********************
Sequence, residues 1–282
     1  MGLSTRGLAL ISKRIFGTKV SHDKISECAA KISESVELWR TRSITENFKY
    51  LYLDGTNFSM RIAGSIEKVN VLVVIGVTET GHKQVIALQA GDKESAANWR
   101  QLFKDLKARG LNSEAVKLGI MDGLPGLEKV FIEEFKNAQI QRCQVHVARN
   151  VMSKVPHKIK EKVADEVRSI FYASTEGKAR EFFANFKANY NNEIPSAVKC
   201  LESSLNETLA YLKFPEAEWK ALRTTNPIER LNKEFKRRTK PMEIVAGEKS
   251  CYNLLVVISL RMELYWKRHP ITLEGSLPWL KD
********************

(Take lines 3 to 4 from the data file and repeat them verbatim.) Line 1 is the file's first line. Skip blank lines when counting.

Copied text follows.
    51  LYLDGTNFSM RIAGSIEKVN VLVVIGVTET GHKQVIALQA GDKESAANWR
   101  QLFKDLKARG LNSEAVKLGI MDGLPGLEKV FIEEFKNAQI QRCQVHVARN